That would be a pretty ridiculous thing to expect, wouldn't it? Photo products, in a similar way, have a large range of price points and can vary tremendously in retail pricing. There are high-end hand-made album manufacturers which are quite expensive all the way to low priced consumer targeted mass-produced items -- and everything in between.
This may be the reason why one photographer's 8x8 album is $800, and another's is $199. The only way you can be sure of what you'e getting is to have the conversation about it, and see samples, if possible.
If I am working with a client near me, I always offer them the opportunity to meet up and review products. I don't even get involved in the whole product pricing situation until I can go over and show them the differences and explain why one item is $250, while another similar looking one is $900. Without knowing, it would be like buying a car unseen and not knowing the make or model! If your prospect offers such a meeting, take it! Not only can you see first hand some of the products they offer, its also a great chance to meet the photographer, as well.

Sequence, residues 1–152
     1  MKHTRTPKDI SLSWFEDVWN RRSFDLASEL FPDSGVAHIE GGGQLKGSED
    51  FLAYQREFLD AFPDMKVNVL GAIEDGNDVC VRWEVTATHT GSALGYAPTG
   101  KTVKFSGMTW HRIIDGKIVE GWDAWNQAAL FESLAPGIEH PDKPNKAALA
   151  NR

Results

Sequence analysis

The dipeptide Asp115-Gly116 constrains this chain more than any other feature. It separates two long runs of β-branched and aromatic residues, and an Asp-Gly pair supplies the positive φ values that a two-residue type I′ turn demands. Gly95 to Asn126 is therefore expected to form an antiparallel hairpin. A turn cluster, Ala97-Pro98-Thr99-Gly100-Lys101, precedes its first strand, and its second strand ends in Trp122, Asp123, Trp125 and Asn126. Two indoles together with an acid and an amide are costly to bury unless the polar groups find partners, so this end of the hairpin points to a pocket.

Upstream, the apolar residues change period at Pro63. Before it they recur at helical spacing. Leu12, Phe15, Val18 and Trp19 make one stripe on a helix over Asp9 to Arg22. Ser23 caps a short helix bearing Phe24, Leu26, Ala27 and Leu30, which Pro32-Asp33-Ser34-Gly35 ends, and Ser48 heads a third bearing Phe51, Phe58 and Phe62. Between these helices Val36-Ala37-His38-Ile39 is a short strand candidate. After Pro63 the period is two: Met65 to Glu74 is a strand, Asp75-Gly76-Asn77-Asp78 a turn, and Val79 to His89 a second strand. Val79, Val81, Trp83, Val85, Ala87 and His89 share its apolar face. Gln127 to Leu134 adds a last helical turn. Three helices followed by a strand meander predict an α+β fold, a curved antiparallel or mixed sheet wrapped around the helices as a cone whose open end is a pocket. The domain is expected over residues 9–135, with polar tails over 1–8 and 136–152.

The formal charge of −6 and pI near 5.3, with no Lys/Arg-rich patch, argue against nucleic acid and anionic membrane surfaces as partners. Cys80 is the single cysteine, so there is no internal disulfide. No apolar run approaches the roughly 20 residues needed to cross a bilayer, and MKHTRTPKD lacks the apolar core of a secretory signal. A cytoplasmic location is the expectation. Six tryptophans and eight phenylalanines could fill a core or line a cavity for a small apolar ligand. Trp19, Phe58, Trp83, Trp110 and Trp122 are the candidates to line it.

Be sure to get as much background information on what you're paying for as possible. This will help you make the smartest product decision. Remember, too, that their cost of the book/album is only part of what the final retail price is going to be. Another whole chunk of that price is their time, energy, and expertise involved in preparing the photos that go in that album. Don't expect a contractor to build you a new home for the cost of the lumber.
Getting to know you...Getting to know all about you.
The final section of the article may be a bit of common sense, but meeting your photographer is fairly important! As I mentioned before, I'll always set aside time to meet up with a potential client who is in my area.